The preferred methods of dynamically bonding these materials may further comprise the step of heating one or both of the rolls. If the rolls are heated, they are preferably heated to a surface temperature that is a predetermined number of degrees below the melting temperature of the thermoplastic material in the cover material.

In other embodiments, the materials to be bonded can be compressed (or “pre-compressed”) before they are fed into the nip for bonding. For example, the materials to be bonded can be fed through a pressurized nip between another pair of rolls prior to the set of rolls to pre-compress the materials to be bonded. The pre-compression may involve compressing the entirety of the materials to be bonded, or it may comprise a localized compression in those areas of the tube forming composite web at which the bonds will be formed.

The pre-compression step can also occur in conjunction with the bonding in other types of bonding processes. For example, if ultrasonics are used, the ultrasonic welder or “staker” will generally cause the material to be bonded undergo a degree of compression for the dwell time needed to form the ultrasonic bond. Thus, in the case of conventional ultrasonic welding, a pre-compression step that is separate from the bonding process generally used, is not required.

In addition, for simplicity and clarity of the invention, the apparatus used in the bonding process is described herein as comprising a set of rolls. However, rolls are but exemplary nip defining members. Accordingly, it is not intended to thereby limit the present invention to an apparatus comprising rolls per se. In the same vein, use of the term “pattern element” is not intended to limit the methods described to bonding patterns consisting of only discrete, spaced pattern elements to the exclusion of other patterns: e.g., reticulated patterns or patterns comprising continuous or elongate lines of bonding.

The methods described herein can further comprise any of the process limitations or steps described in U.S. Pat. No. 4,854,984 issued to Ball, et al on Aug. 8, 1989.

Another factor that should be taken into consideration, in some embodiments of the present invention, when forming bonds using a dynamic bonding process is evenly distributing the load on the pattern elements. This is most significant when a single bonding roll or surface is used to bond a material having portions with different thicknesses. The different thicknesses may occur in several different situations. For example, the material to be bonded could be profiled or calendered so that it has regions with different thicknesses. Alternatively, the material to be bonded may comprise a laminate wherein the length and/or width of all the layers is not the same. In such a case, some of the bonds may have to pass through more layers than the other bonds.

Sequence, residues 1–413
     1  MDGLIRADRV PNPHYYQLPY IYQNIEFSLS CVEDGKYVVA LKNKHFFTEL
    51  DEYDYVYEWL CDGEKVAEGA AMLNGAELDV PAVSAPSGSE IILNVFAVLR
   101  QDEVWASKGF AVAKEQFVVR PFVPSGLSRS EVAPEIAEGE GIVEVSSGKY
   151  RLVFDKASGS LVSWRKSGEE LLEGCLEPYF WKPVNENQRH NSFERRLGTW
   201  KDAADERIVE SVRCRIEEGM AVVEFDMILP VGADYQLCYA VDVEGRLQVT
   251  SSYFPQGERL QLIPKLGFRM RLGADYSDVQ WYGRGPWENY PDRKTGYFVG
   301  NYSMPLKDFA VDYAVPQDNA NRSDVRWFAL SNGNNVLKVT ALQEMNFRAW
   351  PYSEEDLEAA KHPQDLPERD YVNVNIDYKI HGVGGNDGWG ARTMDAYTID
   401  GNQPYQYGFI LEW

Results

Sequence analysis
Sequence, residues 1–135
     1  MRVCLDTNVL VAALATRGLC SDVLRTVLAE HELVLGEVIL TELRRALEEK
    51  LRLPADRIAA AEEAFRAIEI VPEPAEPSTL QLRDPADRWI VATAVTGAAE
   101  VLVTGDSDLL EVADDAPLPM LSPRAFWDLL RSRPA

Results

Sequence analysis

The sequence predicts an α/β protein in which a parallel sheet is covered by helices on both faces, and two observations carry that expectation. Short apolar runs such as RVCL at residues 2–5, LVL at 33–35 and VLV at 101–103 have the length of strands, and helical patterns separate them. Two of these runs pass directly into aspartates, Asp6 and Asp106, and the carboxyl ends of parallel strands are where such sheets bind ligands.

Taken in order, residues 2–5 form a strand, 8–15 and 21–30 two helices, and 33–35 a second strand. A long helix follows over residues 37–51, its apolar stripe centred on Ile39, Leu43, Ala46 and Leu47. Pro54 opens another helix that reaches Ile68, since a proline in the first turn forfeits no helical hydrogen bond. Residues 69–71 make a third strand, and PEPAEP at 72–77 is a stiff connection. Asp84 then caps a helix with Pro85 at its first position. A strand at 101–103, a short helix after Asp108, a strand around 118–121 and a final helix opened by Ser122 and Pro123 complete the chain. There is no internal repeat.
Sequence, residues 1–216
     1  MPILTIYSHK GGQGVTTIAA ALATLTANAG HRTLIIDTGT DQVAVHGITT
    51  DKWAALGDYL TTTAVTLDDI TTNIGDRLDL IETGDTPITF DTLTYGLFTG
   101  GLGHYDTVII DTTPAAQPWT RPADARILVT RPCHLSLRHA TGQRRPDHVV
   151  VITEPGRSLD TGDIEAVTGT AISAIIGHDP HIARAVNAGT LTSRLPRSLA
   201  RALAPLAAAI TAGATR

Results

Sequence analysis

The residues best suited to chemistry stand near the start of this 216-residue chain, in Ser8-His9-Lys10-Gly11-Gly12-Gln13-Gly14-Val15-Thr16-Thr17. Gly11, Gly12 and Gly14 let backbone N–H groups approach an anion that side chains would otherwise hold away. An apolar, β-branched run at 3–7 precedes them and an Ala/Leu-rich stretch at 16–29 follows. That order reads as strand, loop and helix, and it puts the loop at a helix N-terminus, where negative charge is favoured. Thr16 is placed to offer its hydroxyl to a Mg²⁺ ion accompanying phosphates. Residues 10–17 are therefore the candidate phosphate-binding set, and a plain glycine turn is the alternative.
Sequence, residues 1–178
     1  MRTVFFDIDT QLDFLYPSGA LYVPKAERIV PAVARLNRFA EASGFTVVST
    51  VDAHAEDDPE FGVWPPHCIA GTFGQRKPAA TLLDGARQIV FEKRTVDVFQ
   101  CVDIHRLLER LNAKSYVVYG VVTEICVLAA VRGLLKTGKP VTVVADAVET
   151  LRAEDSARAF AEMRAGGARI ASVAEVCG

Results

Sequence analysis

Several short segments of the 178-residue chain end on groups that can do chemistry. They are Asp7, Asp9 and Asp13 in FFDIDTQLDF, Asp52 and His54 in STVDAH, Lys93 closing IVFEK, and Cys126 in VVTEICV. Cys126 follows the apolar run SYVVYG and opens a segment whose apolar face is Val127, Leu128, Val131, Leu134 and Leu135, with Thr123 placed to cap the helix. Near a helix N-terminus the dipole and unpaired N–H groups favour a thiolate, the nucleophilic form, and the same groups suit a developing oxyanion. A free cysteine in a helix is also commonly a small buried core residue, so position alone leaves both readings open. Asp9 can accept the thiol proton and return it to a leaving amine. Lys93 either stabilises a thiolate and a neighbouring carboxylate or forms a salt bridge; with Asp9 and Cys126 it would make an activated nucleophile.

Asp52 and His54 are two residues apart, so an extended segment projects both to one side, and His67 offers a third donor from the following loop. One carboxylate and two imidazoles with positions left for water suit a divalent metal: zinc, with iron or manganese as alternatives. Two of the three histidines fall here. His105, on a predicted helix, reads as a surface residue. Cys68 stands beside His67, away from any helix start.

One way of evenly distributing the load on the pattern elements in such situations, is to vary the angle of the side walls 119 of the pattern elements 116. The angle of the side walls 119 of the pattern elements 116 that will be penetrating the portions of the material or materials to be bonded which have a greater thickness should be greater than that of the pattern elements 116 that will be penetrating the portions of the material(s) which have a lesser thickness. For example, the angle of the side walls 119 of the pattern elements 116 that will be penetrating the thinner portions of the material(s) to be bonded may form an angle of about 50°, and the angle of the side walls 119 of the pattern elements 116 that will be penetrating the thicker portions of the material(s) to be bonded may be about 70°. The pattern elements 116 that will be penetrating the thicker portions of the material(s) to be bonded may also have a greater height, if desired (or the other pattern elements can be made shorter).

As discussed above, the methods of the present invention can be carried out using adhesives, cohesives, hydrogen bonding (for example, if one of the materials to be bonded comprises cellulose), heat and/or pressure, or ultrasonics. Preferably, however, either the dynamic bonding process or ultrasonics are used. Such processes are particularly preferred if the bondable material, such as second web of material 24 is treated by a chemical or composition that interferes with usual bonding methods (particularly adhesives). For example, these bonding processes would be preferred if the second material is treated with a skin care composition, or a material that alters the hydrophilicity of the second material.